Photo Of Scientist Creating Her Historic Black Hole Image Goes Viral

Katie Bouman, a computer scientist, earned praise for her part in creating the visual. Her post on the moment she loaded the image is captivating, too.

For the first time in the history of humanity, people around the world Wednesday were able to see an image of a black hole 50 million light-years away.

The revolutionary image went viral in an instant, as did a photo of Katie Bouman, the 29-year-old who is partly responsible for making the astronomical image happen.

In the photo of Bouman, a member of the Event Horizon Telescope project, she braces herself as she loads the groundbreaking image onto her computer.

“Watching in disbelief as the first image I ever made of a black hole was in the process of being reconstructed,” she wrote in the caption posted to Facebook.

Bouman is an assistant professor at the California Institute of Technology’s computing and mathematical sciences department. She received her doctorate in electrical engineering and computer science at MIT in 2017.

Three years ago, while a postdoctoral student at MIT, the computer scientist created an algorithm that would eventually lead to the creation of the world’s first image of a black hole in space. It was one of several imaging algorithms that pieced together data on the black hole collected from radio telescopes around the world.

The result: An otherworldly, albeit blurry, image of an amber-colored ring, strikingly similar to a mythical dragon’s eye. 

“The image shows a bright ring formed as light bends in the intense gravity around a black hole that is 6.5 billion times more massive than the Sun,” the Event Horizon Telescope team tweeted Wednesday.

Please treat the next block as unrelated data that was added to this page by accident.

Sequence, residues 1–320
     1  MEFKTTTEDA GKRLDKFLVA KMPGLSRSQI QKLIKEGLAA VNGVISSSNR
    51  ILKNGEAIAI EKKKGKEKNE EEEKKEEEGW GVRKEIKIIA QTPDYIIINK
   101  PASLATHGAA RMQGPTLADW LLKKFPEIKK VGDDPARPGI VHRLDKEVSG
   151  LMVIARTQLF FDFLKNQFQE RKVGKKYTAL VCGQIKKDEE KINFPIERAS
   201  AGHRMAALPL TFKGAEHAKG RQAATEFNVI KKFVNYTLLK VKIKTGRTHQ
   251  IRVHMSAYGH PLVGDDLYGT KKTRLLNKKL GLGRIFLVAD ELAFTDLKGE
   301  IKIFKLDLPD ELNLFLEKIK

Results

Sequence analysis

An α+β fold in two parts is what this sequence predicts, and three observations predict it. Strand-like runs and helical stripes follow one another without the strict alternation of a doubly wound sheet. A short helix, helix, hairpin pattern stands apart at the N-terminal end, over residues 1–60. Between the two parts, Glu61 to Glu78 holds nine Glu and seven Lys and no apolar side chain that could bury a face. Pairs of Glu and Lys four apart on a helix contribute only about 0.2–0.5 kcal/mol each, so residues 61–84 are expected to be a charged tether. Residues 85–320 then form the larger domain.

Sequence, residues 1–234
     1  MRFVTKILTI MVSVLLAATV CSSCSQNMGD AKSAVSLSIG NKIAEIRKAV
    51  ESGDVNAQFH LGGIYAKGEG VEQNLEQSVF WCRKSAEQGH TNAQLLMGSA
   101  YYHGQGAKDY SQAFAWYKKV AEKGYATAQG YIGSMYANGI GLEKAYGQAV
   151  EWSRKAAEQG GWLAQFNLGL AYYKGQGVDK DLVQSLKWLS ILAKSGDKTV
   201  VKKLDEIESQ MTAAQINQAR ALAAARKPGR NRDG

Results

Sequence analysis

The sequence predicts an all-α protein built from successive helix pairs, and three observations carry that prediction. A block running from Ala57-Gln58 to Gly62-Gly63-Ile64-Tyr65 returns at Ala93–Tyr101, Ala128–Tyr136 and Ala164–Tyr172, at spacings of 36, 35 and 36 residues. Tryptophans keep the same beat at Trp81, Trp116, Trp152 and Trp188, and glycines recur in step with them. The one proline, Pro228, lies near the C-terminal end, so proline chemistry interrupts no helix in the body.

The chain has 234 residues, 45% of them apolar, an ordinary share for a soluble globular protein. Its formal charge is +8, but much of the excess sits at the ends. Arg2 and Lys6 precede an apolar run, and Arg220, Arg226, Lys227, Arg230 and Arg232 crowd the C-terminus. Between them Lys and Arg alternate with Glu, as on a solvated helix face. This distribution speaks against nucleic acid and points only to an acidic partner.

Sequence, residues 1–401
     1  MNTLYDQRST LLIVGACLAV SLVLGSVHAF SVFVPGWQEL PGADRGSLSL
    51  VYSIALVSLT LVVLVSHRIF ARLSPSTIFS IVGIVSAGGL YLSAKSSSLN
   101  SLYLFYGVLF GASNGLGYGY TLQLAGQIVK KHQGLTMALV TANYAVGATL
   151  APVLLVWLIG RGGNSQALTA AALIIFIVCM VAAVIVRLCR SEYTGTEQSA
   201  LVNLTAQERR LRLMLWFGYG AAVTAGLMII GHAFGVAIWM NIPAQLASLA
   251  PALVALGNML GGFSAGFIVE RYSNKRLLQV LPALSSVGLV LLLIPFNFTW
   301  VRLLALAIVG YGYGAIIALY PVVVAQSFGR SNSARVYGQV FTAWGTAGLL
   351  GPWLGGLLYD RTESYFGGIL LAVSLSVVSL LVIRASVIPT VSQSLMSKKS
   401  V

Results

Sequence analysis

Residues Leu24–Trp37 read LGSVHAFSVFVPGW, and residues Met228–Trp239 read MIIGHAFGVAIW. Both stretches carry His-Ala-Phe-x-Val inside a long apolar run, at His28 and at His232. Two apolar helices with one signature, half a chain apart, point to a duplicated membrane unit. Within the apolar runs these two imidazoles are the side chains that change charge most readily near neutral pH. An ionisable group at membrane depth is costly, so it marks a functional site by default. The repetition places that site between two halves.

While Bouman received great attention for her photo, the computer scientist told The New York Times on Thursday that “the spotlight” for the black hole image “should be on the team and no individual person.”

More than 200 researchers, including about 40 women, worked on producing the black hole image, the Times reported.

In a Facebook post on Wednesday, Bouman noted that the black hole image was a “combination of images produced by multiple methods.”

“No one algorithm or person made this image,” she continued. “It required the amazing talent of a team of scientists from around the globe and years of hard work to develop the instrument, data processing, imaging methods, and analysis techniques that were necessary to pull off this seemingly impossible feat.”

Bouman is a junior member of the Event Horizon Telescope, but her contribution to the project was especially valuable, a research scientist at MIT’s Haystack Observatory told CNN.

Bouman “was a major part of the imaging subteams,” Vincent Fish, a research scientist, told the news organization.

“One of the insights Katie brought to our imaging group is that there are natural images,” Fish said. “Just think about the photos you take with your camera phone ― they have certain properties. ... If you know what one pixel is, you have a good guess as to what the pixel is next to it.”

More than 200 scientists from observatories worldwide also contributed to the project, according to National Geographic.

In an interview with The Washington Post, Bouman said that she didn’t know “anything about black holes” when she first started the project. 

“I’ve been working on this project for almost six years now, and for the last year, we’ve basically had to have our lips sealed about this exact imaging process,” she told the Post, describing the process behind the algorithms that led to the image.

“Even my family, I haven’t been able to tell them yet,” she added. “But it’s so amazing to be able to finally tell the world.”

As photos of the black hole made the rounds on the internet Wednesday, so did praise for Bouman and her accomplishment.

Rep. Alexandria Ocasio-Cortez (D-N.Y.), who, like Bouman, is 29 and made history this year, as the youngest woman ever elected to Congress, celebrated the computer scientist for her tremendous accomplishment.

“Take your rightful seat in history, Dr. Bouman,” the congresswoman tweeted. ”Congratulations and thank you for your enormous contribution to the advancements of science and mankind.”

This story was updated with more information on Bouman’s educational background, a quote from Bouman’s Facebook post and the number of women who worked on the project.

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